Reviewed by: Rob Skinner Author: Peter J Beck Publisher: Palgrave Macmillan Price (RRP): £17.99
Peter Beck sets out the aims of his study of history-making by asking: “Who reads academic histories?” The standard answer, of course, is almost no one, save for a captive audience of students and a small circle of colleagues.
In this intriguing and thought-provoking book, Beck provides an account that shifts our attention away from the academy and directs it instead toward a wider audience. In exploring how they address the needs and desires of the public, he seeks to re-configure the way in which historians are defined, not as makers, but as presenters of history.
Beck provides an overview of the relationship between academic and public histories through a series of case studies, including pen-portraits of those individuals whose ‘brand’ has come to characterise the television historian: AJP Taylor, Simon Schama and Niall Ferguson. Other chapters explore feminist history and Hollywood film-making, while the works of Philippa Gregory and Terry Deary serve to introduce historical fiction and children’s history.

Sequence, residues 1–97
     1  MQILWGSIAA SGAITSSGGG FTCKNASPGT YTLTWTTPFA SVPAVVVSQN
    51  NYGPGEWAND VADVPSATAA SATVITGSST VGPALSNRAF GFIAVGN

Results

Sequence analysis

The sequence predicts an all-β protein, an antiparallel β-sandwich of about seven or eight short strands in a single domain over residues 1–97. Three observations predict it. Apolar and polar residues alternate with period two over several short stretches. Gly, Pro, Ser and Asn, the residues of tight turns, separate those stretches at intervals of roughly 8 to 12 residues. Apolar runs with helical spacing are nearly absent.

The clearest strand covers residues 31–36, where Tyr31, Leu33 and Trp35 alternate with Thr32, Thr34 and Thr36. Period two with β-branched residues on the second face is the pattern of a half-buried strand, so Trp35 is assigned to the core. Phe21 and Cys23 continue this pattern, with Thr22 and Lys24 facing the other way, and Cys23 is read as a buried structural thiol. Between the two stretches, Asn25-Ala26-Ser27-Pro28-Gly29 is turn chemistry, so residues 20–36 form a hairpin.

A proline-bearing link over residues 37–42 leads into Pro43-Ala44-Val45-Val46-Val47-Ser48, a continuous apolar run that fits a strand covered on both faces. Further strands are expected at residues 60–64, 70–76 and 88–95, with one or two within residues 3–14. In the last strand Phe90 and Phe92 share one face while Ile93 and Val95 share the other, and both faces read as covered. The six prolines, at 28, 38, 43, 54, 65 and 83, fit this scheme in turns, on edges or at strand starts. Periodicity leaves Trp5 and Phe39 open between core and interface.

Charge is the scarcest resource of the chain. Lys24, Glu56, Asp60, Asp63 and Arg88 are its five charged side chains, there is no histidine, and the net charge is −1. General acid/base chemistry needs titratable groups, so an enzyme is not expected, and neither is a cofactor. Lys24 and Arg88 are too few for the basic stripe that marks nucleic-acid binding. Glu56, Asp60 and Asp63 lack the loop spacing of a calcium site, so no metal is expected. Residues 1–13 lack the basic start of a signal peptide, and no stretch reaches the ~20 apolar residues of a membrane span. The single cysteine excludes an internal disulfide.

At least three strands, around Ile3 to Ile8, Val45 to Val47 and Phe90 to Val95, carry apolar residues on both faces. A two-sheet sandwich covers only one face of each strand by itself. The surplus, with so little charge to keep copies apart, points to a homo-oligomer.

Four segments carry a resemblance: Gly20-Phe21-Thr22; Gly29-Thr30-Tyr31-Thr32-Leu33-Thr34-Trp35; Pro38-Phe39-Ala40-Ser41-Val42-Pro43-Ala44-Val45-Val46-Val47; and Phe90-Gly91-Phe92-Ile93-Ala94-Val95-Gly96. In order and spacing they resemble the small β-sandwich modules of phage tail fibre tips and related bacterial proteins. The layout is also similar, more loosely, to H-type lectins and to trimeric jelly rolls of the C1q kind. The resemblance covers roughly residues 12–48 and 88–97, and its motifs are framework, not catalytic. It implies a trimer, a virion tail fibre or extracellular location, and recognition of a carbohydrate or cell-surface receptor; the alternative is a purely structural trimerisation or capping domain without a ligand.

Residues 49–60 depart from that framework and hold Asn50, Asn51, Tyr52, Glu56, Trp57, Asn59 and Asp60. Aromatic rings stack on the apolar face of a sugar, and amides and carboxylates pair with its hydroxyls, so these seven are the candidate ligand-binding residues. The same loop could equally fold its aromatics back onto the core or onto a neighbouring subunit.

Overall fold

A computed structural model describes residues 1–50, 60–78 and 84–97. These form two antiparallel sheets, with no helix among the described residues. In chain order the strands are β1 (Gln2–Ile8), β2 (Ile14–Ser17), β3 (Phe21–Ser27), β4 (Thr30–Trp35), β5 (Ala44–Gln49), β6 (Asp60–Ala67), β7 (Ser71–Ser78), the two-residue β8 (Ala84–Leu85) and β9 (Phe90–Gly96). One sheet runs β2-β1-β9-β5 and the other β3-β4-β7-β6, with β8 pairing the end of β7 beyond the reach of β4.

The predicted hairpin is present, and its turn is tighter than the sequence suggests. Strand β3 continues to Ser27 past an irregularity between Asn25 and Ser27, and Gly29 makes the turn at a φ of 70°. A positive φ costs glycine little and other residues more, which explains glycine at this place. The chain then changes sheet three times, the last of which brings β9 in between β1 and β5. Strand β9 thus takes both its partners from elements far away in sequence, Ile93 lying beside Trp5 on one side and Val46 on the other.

Finally, Beck turns to public controversies, concluding with a chapter on the Irving-Lipstadt trial and the struggle to determine historical authenticity and objectivity.
However, valorising individual historians as presenters of history runs the risk of obscuring other vital ways in which the public engages with the past. What of the ways in which history is communicated in museums and visitor attractions?
What of the politics of public history, how the state funds, promotes – or inhibits – the presentation of history? And what of the way communities make and present their own history, from Black History Month through to the myriad local history groups whose efforts bring the past to the forefront of social life?
While these questions must also be addressed, this is nonetheless a valuable book for anyone wishing to study the nature of history today.